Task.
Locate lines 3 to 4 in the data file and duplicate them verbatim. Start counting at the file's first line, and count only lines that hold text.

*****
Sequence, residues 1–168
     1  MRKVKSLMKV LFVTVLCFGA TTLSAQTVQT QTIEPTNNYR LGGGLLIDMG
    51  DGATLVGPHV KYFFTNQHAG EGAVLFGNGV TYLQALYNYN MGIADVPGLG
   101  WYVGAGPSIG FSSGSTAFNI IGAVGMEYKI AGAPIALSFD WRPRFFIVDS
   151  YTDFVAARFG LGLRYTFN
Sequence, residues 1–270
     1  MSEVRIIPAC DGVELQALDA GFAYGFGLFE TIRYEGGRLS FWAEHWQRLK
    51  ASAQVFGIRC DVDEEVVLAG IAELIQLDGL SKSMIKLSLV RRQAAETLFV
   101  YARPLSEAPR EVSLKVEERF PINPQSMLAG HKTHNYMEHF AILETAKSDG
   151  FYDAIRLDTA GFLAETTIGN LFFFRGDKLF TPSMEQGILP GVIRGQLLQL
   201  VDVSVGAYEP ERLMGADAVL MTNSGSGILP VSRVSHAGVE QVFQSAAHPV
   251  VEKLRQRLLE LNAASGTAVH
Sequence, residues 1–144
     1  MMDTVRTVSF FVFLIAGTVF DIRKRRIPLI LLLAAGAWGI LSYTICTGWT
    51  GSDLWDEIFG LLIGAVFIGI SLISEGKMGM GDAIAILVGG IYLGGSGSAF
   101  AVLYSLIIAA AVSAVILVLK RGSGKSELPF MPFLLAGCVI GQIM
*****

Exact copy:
    51  DGATLVGPHV KYFFTNQHAG EGAVLFGNGV TYLQALYNYN MGIADVPGLG
   101  WYVGAGPSIG FSSGSTAFNI IGAVGMEYKI AGAPIALSFD WRPRFFIVDS